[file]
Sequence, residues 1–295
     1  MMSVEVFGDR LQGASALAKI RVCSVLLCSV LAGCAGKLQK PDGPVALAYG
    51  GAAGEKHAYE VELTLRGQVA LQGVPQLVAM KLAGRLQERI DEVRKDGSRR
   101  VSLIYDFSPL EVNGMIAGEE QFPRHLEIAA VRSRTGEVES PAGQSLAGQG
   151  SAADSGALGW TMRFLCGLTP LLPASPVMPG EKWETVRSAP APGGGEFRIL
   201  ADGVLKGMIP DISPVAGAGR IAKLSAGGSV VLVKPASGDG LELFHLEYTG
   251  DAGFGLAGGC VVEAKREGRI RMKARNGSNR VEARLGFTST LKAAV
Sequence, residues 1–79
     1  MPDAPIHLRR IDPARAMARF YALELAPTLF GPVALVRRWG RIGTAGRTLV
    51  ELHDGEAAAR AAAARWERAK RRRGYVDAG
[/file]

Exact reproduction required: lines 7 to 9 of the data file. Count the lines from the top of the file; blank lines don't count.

   251  DAGFGLAGGC VVEAKREGRI RMKARNGSNR VEARLGFTST LKAAV
Sequence, residues 1–79
     1  MPDAPIHLRR IDPARAMARF YALELAPTLF GPVALVRRWG RIGTAGRTLV